Musique Royale (The Suitcase Royale, ‘The Ballad of Backbone Joe’ – Soho Theatre, 4/7/2011)

It’s not an unusual sight to see comedy troupes wielding rickety props and ramshackle accents in spoof genre plays. Nor is it surprising when they pick up instruments mid-sketch and launch into some appropriate ditty. Australian three-piece The Suitcase Royale invigorate each of these approaches by neatly combining them. Their tale of small-town Australian life (think crooked boxing promoters, detectives, and dark secrets all round) is intercut and underlain with live and recorded music, ranging from cod-jazz crooning to numbers more in the vein of early Johnny Cash or Roy Orbison.

The music itself is very good, in particular the rockabilly pastiches. But where The Suitcase Royale excel is how it is deployed. It would have been easy to play the songs for laughs, particularly considering that the humour and acting style of the show isn’t exactly on the subtle side. There are plenty of winks to the audience, frequent departures from the script, and much fun had with props such as outsize telephone receivers and the skeleton of what looked like a dog but might conceivably have been some obscure marsupial.

But the music mostly works very differently, creating an oddly melancholic atmosphere. This is true even of the songs between scenes, which tended neither to comment directly on the action nor advance it, but to work more in the way background music in films typically does. Mixing this with broad comedy was potentially awkward, but for the most part the different elements were integrated seamlessly. The music helped to create the world of the genre being spoofed, helped by some delicious lighting and judicious sound effects. The spoofing was left to the script and the performers, who were generally more than up to snuff.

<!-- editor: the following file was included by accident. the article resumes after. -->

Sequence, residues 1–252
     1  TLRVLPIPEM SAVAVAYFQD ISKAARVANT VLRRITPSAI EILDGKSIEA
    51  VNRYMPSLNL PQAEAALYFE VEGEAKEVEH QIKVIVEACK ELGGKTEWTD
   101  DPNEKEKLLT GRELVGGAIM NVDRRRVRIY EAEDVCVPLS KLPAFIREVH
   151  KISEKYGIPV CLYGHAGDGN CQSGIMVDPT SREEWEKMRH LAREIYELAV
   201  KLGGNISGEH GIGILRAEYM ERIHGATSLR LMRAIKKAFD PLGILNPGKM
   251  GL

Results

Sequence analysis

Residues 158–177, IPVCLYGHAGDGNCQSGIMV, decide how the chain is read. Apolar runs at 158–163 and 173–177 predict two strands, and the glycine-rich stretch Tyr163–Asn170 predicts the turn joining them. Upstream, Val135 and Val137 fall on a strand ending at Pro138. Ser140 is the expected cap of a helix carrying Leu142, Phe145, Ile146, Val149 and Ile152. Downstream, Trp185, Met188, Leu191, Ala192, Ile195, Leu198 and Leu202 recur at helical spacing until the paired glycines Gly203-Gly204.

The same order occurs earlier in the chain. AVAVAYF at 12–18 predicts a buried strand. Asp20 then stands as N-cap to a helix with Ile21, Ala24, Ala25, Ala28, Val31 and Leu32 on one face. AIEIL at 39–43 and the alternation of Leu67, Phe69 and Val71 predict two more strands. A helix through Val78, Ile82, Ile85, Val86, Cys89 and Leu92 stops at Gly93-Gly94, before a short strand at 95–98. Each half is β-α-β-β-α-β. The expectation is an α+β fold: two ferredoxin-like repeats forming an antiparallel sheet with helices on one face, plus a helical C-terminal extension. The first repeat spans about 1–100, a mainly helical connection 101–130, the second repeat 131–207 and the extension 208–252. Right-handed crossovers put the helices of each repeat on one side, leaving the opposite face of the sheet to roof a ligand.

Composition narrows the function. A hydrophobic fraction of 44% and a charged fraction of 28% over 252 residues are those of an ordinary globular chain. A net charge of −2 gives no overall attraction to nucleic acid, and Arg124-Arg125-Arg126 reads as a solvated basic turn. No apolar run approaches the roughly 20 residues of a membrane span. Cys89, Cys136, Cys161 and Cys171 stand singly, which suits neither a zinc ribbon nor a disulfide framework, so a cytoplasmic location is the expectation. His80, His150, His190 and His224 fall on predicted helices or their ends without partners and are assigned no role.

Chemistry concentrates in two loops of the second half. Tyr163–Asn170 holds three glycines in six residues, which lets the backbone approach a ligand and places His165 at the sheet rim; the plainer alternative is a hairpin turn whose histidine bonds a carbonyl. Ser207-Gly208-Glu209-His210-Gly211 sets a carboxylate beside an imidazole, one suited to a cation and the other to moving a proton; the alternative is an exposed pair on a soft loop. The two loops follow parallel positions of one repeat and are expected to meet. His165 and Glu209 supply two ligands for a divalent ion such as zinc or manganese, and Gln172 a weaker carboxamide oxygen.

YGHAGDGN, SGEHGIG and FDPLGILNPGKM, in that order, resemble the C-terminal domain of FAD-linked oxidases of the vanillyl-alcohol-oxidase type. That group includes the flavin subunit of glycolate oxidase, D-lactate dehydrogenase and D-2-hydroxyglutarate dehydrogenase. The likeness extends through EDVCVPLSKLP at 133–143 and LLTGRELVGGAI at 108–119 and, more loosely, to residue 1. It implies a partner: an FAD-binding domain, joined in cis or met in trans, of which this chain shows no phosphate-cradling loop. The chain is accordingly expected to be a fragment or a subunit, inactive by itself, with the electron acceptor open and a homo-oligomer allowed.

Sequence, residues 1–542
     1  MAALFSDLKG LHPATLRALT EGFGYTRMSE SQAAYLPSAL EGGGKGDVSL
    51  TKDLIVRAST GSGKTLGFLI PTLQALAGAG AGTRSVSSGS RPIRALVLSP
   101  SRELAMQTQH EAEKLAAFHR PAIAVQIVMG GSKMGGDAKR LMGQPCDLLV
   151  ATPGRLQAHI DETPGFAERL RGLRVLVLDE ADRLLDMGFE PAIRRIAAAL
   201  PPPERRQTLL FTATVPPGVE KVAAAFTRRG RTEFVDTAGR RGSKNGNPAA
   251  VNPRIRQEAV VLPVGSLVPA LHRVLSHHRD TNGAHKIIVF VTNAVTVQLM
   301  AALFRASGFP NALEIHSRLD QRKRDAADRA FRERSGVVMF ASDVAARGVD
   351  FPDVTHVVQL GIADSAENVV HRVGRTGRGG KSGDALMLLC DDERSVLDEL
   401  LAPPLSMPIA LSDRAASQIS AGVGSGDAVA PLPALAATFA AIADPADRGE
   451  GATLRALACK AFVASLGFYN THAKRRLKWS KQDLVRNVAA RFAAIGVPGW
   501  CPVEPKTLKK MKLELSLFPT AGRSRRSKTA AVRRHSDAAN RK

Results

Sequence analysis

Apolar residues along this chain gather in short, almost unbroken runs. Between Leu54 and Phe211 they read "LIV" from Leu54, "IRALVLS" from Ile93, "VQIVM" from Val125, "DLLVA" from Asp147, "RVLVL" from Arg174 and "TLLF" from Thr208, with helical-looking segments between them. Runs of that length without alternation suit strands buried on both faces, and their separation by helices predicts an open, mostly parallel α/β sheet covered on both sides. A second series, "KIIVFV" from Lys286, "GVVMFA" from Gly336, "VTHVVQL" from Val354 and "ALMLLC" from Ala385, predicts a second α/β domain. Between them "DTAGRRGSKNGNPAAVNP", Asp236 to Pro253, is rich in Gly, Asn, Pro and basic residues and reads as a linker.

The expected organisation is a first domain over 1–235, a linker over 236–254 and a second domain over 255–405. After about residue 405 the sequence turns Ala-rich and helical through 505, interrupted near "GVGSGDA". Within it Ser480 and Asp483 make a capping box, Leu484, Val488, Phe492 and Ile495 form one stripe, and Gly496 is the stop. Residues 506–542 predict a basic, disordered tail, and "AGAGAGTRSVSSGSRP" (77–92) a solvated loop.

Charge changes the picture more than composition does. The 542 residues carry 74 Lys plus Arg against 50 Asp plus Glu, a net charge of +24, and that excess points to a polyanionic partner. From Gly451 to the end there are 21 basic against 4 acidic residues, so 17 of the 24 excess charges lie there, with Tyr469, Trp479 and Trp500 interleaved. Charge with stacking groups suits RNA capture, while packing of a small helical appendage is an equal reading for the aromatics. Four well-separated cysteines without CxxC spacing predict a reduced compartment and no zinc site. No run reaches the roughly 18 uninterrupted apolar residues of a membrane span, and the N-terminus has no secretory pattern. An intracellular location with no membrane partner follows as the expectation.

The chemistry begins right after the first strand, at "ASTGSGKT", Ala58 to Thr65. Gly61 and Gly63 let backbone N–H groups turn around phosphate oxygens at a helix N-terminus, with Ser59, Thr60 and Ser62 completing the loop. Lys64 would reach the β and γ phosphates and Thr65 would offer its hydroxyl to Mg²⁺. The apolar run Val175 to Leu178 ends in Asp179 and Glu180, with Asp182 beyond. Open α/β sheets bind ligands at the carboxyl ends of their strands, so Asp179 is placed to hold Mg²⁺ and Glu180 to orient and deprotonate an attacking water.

The effect is curious, switching from inviting us to sympathise with the characters to laughing at them, and back again. On paper it sounds awkward, as though the cast are forever removing bricks from the fourth wall and peeping through, before filling the gap again. But probably because we’re so familiar with the tropes and the feel of the tough-guy genre, and because those noirish touches are always themselves close to the line between genuine emotion and parody, we can move easily with them. The Suitcase Royale pulled our strings as surely as they played their instruments. I felt used, but in a good way.

The Suitcase Royale are performing Zombatland at Pleasance Courtyard, 11.10pm, until August 28th (except 16th).

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